New Phytologist Editors’ Choice: November 2014, 204:3
Last updated: 17 Oct, 2014
New clues to the molecular basis of vegetative regeneration in plants
Ckurshumova W, Smirnova T, Marcos D, Zayed Y, Berleth T. 2014. Irrepressible MONOPTEROS/ARF 5 promotes de novo shoot formation. New Phytologist 204: 557–567.
Vegetative propagation from organs, tissues or even individual cells is an amazing property of plants. Indeed, animal stem cell researchers should be green with envy given the ease at which some plant cells can be coaxed to divide, differentiate, and produce new organs. However, many plants are recalcitrant to vegetative propagation, and the reason why some plants perform well and others do not is not clear. Indeed, surprisingly little is known about the fundamental processes regulating vegetative reproduction, although it is clear that the plant hormones auxin and cytokinin are important.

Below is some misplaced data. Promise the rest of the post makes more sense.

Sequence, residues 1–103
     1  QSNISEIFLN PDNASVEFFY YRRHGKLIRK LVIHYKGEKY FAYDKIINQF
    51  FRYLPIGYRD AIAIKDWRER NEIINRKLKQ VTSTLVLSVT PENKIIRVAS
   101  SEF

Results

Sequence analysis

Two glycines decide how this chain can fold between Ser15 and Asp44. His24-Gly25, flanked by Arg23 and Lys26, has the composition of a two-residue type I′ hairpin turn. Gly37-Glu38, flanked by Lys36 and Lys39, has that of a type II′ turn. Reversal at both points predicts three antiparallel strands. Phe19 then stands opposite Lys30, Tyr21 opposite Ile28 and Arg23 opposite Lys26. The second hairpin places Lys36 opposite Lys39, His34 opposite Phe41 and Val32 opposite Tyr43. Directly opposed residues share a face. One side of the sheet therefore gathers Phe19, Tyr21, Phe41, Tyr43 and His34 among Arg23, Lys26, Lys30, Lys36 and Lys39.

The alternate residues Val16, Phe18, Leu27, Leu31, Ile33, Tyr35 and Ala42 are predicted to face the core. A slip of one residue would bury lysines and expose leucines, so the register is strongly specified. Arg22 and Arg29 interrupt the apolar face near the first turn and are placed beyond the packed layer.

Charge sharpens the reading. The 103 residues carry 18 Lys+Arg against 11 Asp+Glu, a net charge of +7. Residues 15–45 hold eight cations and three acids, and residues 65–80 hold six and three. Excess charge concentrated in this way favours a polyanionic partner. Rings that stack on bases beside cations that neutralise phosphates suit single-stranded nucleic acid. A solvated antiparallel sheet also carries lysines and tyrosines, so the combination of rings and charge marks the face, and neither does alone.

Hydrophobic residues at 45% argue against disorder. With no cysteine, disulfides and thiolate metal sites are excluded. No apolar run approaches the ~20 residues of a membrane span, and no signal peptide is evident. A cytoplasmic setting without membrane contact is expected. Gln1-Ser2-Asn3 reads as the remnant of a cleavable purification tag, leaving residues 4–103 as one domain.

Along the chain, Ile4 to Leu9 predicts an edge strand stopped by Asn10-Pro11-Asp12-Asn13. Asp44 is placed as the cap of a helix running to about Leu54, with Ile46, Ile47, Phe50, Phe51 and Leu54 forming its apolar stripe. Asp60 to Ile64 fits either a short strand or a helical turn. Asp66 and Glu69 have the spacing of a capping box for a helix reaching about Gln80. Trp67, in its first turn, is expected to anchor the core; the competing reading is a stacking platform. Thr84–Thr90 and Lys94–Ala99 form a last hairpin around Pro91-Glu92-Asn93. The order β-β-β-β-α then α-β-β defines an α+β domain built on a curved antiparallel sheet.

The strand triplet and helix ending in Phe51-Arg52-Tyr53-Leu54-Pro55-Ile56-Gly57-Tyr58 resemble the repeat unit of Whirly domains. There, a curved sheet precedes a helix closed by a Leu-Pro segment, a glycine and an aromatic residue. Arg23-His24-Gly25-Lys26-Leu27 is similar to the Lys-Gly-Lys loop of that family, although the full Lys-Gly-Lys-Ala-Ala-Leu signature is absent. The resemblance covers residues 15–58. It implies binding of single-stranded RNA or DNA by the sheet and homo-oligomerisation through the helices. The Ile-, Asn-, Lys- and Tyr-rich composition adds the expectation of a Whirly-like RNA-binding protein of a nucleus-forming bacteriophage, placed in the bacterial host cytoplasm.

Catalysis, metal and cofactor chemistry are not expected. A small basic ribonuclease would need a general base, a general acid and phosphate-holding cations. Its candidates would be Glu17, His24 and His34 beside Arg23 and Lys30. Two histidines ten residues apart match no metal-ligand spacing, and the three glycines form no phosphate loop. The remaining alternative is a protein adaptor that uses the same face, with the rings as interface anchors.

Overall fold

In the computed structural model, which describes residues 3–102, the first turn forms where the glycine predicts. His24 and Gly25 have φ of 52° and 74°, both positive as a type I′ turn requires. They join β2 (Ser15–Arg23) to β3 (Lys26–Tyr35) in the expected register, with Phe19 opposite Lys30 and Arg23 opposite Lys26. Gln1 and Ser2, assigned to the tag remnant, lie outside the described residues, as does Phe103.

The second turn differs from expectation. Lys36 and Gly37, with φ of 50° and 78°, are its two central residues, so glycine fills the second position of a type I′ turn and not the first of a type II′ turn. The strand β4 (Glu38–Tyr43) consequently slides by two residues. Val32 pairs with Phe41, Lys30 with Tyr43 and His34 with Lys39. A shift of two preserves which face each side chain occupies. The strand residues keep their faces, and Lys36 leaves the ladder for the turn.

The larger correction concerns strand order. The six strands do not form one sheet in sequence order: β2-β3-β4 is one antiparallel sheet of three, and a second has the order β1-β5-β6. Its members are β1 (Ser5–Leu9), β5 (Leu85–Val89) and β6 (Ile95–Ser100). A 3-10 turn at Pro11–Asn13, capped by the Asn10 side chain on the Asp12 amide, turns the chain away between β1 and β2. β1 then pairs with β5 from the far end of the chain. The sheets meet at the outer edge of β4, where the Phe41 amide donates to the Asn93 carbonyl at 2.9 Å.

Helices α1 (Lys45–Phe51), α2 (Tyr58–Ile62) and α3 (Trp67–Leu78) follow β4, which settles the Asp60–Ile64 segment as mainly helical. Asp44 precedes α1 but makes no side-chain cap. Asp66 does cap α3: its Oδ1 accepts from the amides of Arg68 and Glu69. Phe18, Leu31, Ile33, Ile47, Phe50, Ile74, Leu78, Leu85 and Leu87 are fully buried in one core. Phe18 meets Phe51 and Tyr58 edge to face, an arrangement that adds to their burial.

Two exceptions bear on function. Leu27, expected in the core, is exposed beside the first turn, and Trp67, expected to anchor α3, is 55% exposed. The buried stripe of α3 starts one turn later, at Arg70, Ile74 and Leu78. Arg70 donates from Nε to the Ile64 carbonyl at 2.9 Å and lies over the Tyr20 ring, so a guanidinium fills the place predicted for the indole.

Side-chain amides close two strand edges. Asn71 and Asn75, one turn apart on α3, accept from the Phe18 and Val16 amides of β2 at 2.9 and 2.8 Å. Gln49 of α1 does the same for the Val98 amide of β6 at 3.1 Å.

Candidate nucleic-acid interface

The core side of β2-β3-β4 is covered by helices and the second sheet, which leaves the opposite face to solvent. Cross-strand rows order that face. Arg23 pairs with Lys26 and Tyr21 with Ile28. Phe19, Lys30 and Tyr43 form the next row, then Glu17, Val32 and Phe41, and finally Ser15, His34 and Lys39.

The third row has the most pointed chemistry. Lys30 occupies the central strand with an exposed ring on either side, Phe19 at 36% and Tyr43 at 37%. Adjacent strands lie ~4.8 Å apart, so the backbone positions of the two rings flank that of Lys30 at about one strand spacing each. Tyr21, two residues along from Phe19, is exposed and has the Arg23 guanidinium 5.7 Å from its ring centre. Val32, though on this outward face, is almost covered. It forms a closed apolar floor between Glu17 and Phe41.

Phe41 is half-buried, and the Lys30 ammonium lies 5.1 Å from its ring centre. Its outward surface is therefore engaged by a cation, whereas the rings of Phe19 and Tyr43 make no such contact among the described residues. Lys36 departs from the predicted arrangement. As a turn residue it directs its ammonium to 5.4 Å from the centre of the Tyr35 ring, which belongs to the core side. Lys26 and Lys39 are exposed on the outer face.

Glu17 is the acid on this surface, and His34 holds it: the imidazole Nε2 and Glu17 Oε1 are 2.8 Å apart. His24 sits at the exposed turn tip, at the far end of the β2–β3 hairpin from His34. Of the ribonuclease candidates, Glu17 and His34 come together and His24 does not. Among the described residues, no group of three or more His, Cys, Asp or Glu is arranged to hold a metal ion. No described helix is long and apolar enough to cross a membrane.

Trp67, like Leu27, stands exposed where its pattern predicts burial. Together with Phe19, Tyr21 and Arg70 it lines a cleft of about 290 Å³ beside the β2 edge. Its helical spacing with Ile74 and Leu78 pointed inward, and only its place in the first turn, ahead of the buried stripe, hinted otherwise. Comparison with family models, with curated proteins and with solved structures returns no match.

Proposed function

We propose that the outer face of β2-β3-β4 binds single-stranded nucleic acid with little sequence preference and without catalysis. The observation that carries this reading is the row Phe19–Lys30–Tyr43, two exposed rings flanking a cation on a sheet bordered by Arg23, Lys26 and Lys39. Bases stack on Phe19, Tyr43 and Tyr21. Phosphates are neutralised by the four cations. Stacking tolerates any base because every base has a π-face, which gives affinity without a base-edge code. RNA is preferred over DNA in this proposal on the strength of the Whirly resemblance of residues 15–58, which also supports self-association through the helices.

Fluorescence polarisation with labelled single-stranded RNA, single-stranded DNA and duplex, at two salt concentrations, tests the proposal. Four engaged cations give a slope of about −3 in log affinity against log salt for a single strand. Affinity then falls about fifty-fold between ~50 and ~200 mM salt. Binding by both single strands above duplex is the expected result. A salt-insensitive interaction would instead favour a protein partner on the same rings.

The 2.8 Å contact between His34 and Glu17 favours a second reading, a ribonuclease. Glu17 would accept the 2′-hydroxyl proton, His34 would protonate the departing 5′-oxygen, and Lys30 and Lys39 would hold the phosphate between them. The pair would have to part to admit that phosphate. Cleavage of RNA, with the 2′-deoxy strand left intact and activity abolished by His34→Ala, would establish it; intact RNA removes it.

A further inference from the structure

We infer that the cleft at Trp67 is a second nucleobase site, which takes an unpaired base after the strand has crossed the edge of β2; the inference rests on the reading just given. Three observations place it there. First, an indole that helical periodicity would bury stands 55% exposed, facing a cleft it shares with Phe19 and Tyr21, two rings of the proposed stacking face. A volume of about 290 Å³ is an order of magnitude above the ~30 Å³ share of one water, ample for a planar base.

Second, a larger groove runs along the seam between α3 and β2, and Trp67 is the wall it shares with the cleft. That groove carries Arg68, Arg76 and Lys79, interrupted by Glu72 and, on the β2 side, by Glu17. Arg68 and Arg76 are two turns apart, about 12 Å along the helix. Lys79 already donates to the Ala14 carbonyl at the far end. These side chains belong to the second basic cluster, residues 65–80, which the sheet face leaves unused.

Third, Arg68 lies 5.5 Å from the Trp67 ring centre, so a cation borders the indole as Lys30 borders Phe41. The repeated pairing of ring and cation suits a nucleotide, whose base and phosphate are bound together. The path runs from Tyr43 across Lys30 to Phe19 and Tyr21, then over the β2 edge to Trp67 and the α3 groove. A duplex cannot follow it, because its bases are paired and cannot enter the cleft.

The experiments in this paper from the Berleth lab provide critical new insights into how auxin affects regeneration and shoot formation from callus in Arabidopsis. The Arabidopsis transcription factor, MONOPTEROS/AUXIN RESPONSE FACTOR5 (MP), is a key mediator of auxin response and cytokinin signaling. In this work, MP was shown to be expressed in daughter cells of root primordia, as well as in cells giving rise to shoots from callus cultures. Mutants lacking MP performed poorly in regenerating shoots from callus cultures. In contrast, mutants expressing a MP that lacks a domain involved in negative regulation of MP (i.e. is irrepressible) excelled at producing shoots from callus. Together these results provide insights into the mechanisms underlying vegetative propagation, and also provide a key target gene that can be targeted to increase vegetative propagation success in recalcitrant species.
Vegetative propagation faithfully preserves the genotype of the plant, and is widely used to maintain valuable horticultural varieties, and provide clonal plants for agriculture and forestry. Importantly, vegetative propagation does not involve sexual reproduction or recombination, and all of the genetic gains realized in a superior individual can be captured and deployed in commercial plantings. This new research has the potential for major impacts for agriculture and plant research.
Andrew Groover, Editor New Phytologist
US Forest Service, Davis CA 95618, USA
Originally posted 17 October 2014